For most lawyers, the figure of Santa Claus in the law is an unpleasant memory of an establishment clause essay question on a Constitutional Law exam where they had to decide what combination of Christmas trees, electric menorahs and inflatable Santas a city-owned mall could display without being reprimanded by the U.S. Supreme Court. Alas, Lynch v. Donnelly (1984) and Allegheny County v. Greater Pittsburgh ACLU (1989) have been a lump of coal in the fall semester grades stocking of many a law student.But the white-bearded one made his first appearance in the law reports a hundred years before Justice Black erected “a wall of separation between church and State” in Everson v. Board of Education (1947). Indeed, Santa Claus has featured in cases ranging in subject from IP law to maritime law to the law of personal injury. Anda Westlaw or Lexis keyword search shows him joining the Easter Bunny and Tooth Fairy as symbols of naïve incredulity.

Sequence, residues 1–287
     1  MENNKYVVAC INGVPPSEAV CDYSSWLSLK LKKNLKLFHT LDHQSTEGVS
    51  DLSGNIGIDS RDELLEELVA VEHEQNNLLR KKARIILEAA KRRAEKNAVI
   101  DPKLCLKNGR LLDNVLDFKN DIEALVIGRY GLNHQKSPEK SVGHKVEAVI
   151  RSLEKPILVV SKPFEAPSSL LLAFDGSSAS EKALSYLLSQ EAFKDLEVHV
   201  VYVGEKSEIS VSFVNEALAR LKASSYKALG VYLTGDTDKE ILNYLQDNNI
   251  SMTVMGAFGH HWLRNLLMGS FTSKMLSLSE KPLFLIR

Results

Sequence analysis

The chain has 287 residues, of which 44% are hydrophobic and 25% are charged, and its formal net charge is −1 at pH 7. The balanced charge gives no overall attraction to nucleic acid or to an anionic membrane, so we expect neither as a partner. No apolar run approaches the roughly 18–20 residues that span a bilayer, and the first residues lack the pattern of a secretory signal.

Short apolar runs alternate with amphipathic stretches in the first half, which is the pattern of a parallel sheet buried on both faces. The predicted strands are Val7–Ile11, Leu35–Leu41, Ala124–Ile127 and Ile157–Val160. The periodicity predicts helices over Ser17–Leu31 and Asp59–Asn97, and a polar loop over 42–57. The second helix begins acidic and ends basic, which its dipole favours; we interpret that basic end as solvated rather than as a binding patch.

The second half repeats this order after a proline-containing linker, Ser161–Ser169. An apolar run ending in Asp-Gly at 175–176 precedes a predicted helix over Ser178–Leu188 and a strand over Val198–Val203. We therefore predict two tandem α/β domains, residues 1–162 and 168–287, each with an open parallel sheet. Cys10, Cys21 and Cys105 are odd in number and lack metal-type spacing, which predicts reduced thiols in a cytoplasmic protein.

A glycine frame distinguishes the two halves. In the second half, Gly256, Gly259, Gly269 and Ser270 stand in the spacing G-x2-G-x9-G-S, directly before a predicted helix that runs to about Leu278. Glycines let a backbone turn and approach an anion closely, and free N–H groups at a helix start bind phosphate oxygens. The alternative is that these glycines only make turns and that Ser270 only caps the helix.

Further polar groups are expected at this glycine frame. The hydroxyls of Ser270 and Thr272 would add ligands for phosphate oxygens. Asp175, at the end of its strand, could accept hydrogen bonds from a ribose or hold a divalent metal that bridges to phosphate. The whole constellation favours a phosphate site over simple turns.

Metzmeier, Kurt, "Researching the Legal History of Santa Claus" (2019). Faculty Scholarship. 749.